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Every week there are new marvels to look for in the outdoors, and Discover Nature highlights these attractions. The Missouri Department of Conservation’s Josh Hartwig brings us the stories of river otters, luna moths, red buds, and other actors as they take center stage in nature’s theater.You can hear Discover Nature, Mondays at 7:42 a.m. and 5:18 p.m.

Natural Centerpieces

Missouri Department of Conservation.

November 22 - November 28

Discover Nature this week by including nature in your holiday festivities.

Ever notice how even the most pricy centerpiece for a holiday table is usually made to represent nature? You can do the same thing – minus the price – and build a family tradition at the same time.

Take your children out on an afternoon to gather sticks, leaves, pinecones and other items from your yard. As you’re collecting items, talk with them about what they’re choosing and why. Is it the color of the item or a texture they like? Can they identify the tree they’re clipping branches from? Spending time talking with your children about nature, even in your own yard, will plant memories that will grow a love of the natural world.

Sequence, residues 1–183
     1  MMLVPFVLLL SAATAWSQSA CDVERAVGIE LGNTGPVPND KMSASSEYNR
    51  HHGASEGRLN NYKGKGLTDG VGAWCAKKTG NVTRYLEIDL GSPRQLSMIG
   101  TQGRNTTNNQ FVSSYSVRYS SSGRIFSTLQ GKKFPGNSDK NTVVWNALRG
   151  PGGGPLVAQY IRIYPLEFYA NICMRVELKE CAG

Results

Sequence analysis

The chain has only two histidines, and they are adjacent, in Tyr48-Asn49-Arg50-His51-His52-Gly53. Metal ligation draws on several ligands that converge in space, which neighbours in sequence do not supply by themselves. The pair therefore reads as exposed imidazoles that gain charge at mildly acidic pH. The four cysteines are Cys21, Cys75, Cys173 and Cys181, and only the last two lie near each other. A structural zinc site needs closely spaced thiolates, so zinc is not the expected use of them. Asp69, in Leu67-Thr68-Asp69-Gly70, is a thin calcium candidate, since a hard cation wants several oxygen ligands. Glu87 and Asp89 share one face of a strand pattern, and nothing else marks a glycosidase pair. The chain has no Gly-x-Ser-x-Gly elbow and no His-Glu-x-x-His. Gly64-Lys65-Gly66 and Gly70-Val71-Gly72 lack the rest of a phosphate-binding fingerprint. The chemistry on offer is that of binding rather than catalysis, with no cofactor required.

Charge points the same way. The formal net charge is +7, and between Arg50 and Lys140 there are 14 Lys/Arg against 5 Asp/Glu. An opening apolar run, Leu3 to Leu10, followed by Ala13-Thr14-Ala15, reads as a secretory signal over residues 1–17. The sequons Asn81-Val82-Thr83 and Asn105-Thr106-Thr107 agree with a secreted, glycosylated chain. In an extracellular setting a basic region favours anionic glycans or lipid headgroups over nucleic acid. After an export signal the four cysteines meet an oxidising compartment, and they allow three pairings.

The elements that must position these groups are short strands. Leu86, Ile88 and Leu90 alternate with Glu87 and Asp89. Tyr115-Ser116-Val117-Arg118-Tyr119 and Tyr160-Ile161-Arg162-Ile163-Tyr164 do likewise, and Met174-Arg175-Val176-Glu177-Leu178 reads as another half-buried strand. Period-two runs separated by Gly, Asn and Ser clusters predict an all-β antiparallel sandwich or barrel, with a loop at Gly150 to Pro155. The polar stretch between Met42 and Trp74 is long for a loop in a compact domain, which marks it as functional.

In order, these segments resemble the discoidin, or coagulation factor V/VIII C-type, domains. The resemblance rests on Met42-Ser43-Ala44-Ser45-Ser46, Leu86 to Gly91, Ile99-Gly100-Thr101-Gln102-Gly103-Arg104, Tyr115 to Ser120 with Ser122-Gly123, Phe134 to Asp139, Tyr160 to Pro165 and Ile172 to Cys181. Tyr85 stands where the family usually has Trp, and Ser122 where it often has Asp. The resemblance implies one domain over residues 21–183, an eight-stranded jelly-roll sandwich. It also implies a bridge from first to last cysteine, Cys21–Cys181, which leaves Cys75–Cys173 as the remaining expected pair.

Once they’ve made their selections, bring the items together and clean off any dirt. If you want a simple, yet elegant centerpiece, arrange the items inside a large, clear glass bowl. Place it in the middle of your table and scatter a few leaves, pinecones or berries on either side of the bowl for a more dramatic effect.

If evergreens are available, clip a few small branches and weave them together into a wreath. Place it flat in the center of your table and pile it high with pine cones in the center.

If table linens are brightly colored, don’t worry about adding ribbon to an otherwise natural centerpiece. However, you may want to use some ribbon to help form the shape of the wreath if you have difficulty.  If a bright color is needed, berries are a perfect addition to a natural centerpiece, too.

When relatives stop in, be sure and boast about the beautiful and natural centerpieces your children made. You could be starting a tradition that will keep your family discovering nature for generations to come.

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